There is an ancient evil lurking in the mountains of California. One peak over from Friendly, California, there is another, darker place. In that place there are two churches. Displaced from a time and place far distant, an ancient carving watches from an alcove above the door of a broken-down, nearly forgotten church. When the evil it embodies reaches out and snags the soul of Silas Greene, roots creep down into the mountain and out into everything they touch. There is another church on the mountain. It is made of stone, carved into the stone of the mountain, and also all but forgotten.
A message goes out to Abraham Carlson. "He's Back. Come home, boy." When young Abraham returns to the mountain, and to that stone church, a battle is rejoined that should have ended decades in the past. When the cleansing began - and was never completed. The only question is, does Abraham have the strength? Or will he, and everyone he loves, fall into the depths of those evil, ancient eyes?
©2007 David N. Wilson (P)2012 David N. Wilson
It was a very good listen. Very atmospheric writing style and a slow buildup so everything wasn't revealed in the first chapters of the book. The story was very interesting and I wanted to know how it was going to unfold as the book wore on through several twists.
Can't think of one particular book it matches per se, the story is a simple one of good vs. evil which is found in many books of the horror genre, in some ways his atmospheric story and writing style did remind me of Dennis Wheatley and his early occult novels from the 1930's The Devil Rides out and To the Devil A Daughter.
Abe Carlson. Very good voice acting for the male characters in general.
Again I would say Abraham Carlson. He is a somewhat reluctant hero who is drawn to fight a repeat of the battle his father lost against an ancient evil many years ago.
A very good book with a dark brooding feel running through it. I would be interested to read more from the author David Niall Wilson.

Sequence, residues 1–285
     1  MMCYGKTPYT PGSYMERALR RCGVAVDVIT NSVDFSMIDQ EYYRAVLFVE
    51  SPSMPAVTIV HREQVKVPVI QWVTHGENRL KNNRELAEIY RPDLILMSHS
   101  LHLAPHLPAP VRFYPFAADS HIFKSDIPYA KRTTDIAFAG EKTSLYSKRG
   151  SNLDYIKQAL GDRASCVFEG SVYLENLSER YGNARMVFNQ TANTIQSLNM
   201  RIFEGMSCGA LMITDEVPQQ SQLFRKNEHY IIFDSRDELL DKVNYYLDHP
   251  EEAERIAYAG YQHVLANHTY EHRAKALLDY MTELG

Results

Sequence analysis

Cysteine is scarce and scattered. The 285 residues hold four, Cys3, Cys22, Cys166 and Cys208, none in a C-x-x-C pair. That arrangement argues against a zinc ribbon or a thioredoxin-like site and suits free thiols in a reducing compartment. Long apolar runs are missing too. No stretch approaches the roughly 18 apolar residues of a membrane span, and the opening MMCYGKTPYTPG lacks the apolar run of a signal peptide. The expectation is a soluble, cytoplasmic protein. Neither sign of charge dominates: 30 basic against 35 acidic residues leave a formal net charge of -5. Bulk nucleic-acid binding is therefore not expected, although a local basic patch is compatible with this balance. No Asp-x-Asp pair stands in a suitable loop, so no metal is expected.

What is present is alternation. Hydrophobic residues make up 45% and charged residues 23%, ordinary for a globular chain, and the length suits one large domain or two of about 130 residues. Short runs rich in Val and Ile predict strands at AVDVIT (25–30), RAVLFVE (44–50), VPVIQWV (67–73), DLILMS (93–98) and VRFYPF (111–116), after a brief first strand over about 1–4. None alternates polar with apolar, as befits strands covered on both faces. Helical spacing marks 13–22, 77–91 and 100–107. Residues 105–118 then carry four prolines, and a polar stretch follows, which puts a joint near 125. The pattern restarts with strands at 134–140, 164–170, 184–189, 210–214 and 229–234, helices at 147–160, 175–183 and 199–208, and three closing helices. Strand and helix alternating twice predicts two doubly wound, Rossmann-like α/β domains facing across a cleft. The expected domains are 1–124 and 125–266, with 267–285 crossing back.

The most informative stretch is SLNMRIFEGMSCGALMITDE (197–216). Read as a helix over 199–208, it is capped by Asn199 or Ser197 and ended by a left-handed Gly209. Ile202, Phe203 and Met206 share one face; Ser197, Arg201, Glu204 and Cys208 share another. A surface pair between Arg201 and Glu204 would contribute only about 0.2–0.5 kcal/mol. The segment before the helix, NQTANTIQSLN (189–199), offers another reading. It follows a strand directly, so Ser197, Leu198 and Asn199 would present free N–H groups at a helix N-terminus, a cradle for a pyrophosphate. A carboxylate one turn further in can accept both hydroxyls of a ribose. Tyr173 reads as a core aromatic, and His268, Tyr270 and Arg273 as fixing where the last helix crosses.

This review is from my review copy of the audiobook, and is unbiased.
No. I wouldn't recommend the audiobook, but I would recommend the print or eBook. The story is incredibly well written and is quite the cerebral type of horror. By that I mean it's sort of a slow burn, it takes its time to build and slowly draw you into the story. It's a terrifying read in this epic battle of good vs evil.
I can't really name just one. Each character was fleshed out, and in this battle of good vs evil there were things about each character I liked. It was easy to hate Silas Greene and it was easy to sometimes dislike Abraham, which was pretty great!
Each word seemed to be so over the top melodramatic that it made the important scenes just blend in with the regular scenes. I'm going to be 100% honest, and say that I didn't finish the audiobook. I picked up the ebook to finish. It was just droning on and on and there was no separation of weight in the scenes. Abraham driving down the road was treated just as intensely as the final conflict. Plus, there was not enough of a gap between character separations. One second you're with Abraham, the next you're not.
*received free in exchange for an honest review
This is a very intense story..The characters and setting that the author created were easily imaginable and at once, familiar. I was drawn along into the story and really wasn't sure how it was going to end.
Ancient Eyes is a small town supernatural horror tale, about a creepy backwoods town and a fight between good and evil, a resumed battle which was left unfinished many years before.
The main and side characters were well explored I felt, and at many times in the story it digressed to backstory flashbacks, covering significant events of the past, some personal/character related, some wider story. The story covered various character views and plot lines, including the wife of the main protagonist, who gets involved in a nasty substory when coming to support her husband, unbeknown to him.
And John Lee as the narrator. What more can I say? He could read a shopping list and make it sound spectacular. He is one of my favourite narrators, all the Peter F Hamilton novels, the Jo Nesbo books, and I'm eagerly awaiting his performance on Clive Barker's new book The Scarlet Gospels. A well deserved narrating powerhouse.
I thoroughly enjoyed the book, and I feel the audio performance made it even more enjoyable.
I'm not sure who would enjoy it more than me, but what turned me off was the reader--every sentence was read as if it were the dramatic conclusion of the story. There should have been more variation in the intensity of the reading--not every thing warrants a high level of drama.
All of them. Too predictable.
Hate to give a harsh review, but I'm being honest.
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